More importantly, don’t put yourself into bot-prison indefinitely either! While there is nothing inherently wrong with playing against AI, playing against another human will often prove to be more fun and rewarding. Think, do you have more fun beating Madden on rookie mode or beating up on your cousin during the holidays?

Once you feel comfortable with your ability to perform an opening and understand what to do mid and endgame, jump on your favorite chess app and start some ranked games! Don’t wait until you feel completely comfortable or that feeling will never come. Chances are, you may lose your first few games (remember, don’t be afraid of losing). So don’t give up! Eventually, though, you will find an accurate rank and be playing against players at your skill level.

If you can find a family member or friend to pick up the game as well, this is a great way to supplement playing complete strangers.

Push Yourself

Honestly, the first 2 or 3 steps done correctly will bring your chess game far. Eventually, you will hit a ceiling and your growth will begin to plateau. For some this may be enough and the game will be enjoyable. Some of you, may want to continue to improve.

When this happens, you need to be a little more creative. Seek out more and better resources to learn from. Expand your openings knowledge further to better equip you for less traditional openings. Review your own games either alone or with the help of analysis software (most of the chess apps do this natively) to find your blunders.

Now is also the time to start playing faster games. At first, you’ll find one of two things will happen. Either you forget how fast you need to move and look up with little time left after only a few moves. Or, you almost literally start moving random pieces. Don’t fret. Repeating this will eventually make you more comfortable at the pace of the game. The value of studying openings and other tactical positions will pay dividends the faster the game.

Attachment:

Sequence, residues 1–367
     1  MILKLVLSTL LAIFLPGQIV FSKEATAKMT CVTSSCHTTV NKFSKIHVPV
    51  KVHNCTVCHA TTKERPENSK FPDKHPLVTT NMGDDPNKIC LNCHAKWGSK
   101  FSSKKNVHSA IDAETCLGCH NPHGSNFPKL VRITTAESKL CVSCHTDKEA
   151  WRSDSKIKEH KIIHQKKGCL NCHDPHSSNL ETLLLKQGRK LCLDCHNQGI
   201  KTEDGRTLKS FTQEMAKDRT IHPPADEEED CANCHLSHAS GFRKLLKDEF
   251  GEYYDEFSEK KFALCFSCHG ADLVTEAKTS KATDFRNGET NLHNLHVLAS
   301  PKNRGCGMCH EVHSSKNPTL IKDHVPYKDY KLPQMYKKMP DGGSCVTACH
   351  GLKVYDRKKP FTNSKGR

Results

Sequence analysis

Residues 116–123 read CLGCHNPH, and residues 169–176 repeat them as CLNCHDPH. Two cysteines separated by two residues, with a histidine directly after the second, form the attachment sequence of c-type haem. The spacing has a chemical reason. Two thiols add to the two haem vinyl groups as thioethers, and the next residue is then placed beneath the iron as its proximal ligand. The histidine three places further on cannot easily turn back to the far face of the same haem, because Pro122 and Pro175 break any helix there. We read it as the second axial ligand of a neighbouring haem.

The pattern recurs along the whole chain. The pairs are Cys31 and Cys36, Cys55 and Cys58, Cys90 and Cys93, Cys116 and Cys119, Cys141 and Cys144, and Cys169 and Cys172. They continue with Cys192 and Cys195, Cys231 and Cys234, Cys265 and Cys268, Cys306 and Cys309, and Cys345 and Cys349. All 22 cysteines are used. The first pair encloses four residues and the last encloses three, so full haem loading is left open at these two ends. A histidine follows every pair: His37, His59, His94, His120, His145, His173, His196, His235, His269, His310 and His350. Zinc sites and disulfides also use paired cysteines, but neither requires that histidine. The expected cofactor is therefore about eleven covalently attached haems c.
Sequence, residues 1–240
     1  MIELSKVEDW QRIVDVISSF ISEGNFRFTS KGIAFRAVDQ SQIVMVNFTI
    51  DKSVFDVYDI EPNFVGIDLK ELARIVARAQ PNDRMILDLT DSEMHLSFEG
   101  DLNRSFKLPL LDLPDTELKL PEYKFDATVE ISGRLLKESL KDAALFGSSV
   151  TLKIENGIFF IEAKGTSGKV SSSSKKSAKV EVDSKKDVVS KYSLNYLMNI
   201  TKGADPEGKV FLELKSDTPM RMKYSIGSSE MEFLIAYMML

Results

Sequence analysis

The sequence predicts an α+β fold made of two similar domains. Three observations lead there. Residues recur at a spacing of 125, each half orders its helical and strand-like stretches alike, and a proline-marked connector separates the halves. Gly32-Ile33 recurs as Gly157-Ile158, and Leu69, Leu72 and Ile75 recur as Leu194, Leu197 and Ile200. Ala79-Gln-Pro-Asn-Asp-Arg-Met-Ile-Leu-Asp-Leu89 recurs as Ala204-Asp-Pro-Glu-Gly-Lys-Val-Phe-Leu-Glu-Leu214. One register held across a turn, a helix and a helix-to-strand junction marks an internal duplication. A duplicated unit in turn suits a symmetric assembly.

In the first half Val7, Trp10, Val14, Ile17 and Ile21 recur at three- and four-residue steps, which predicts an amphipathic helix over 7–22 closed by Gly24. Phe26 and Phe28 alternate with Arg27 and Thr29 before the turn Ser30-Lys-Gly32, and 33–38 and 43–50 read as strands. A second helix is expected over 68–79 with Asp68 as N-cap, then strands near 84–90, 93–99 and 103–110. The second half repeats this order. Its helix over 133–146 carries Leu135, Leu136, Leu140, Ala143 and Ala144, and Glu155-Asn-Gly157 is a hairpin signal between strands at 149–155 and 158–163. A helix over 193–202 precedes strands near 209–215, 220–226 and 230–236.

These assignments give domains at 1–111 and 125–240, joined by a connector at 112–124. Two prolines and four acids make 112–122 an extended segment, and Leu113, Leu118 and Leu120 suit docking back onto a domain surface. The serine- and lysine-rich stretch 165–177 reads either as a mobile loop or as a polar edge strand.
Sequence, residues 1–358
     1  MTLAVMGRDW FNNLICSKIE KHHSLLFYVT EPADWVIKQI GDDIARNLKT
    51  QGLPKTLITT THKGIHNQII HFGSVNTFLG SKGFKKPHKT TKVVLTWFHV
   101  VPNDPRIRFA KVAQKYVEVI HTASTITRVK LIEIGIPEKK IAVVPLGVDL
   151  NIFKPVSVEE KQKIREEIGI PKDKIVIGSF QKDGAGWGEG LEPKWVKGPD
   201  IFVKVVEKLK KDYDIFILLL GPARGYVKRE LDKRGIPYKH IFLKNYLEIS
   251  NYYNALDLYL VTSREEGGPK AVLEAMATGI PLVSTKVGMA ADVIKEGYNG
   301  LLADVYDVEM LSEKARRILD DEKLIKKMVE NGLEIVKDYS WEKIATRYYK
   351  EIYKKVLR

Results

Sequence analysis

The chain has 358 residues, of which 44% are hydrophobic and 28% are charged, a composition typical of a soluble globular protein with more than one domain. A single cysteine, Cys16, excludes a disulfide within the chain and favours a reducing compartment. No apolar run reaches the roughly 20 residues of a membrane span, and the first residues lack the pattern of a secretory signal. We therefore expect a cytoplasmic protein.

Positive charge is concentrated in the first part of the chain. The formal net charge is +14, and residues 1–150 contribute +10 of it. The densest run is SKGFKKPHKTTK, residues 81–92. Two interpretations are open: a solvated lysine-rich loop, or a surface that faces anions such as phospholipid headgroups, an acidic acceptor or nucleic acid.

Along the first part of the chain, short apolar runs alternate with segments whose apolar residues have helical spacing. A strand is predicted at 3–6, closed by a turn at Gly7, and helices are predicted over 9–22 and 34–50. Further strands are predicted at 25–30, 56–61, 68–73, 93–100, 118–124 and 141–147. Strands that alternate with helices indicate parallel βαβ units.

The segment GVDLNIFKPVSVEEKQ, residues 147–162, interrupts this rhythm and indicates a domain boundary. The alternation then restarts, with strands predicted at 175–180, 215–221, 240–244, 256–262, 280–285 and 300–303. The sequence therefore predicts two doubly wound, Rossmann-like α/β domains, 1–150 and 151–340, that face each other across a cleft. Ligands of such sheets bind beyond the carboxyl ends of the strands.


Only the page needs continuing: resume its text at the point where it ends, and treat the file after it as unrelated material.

If you really want to push yourself, study Grandmaster (GM) chess games. At the end of the day, they are still playing the same game as you. Albeit at a much higher level. If you can find a video where someone helps break down a GM game along with alternate line analysis, you will begin to see patterns that can be implemented in your chess game.

Push your chess game. But don’t overdo it. 

Have Fun

I hate to be cheesy but this is important. If you are feeling overly anxious, stressed, or obsessive about chess, take a breath. Take a break even. Remember that chess is a game and games should be fun. 

I don’t want to spoil anything in The Queen’s Gambit for those that may watch in the future, but I will say Beth went through this same struggle. 

If you are human, you will obviously enjoy winning a chess game more than losing. However, look at losses as learning experiences. This will keep you from ever getting too low following a game that didn’t swing in your favor. 

How is your chess game looking?

For those new to the game, do any of these steps make sense? And for the more experienced players, would you add anything to the guide? Let me know and post your chess rating in the comments below!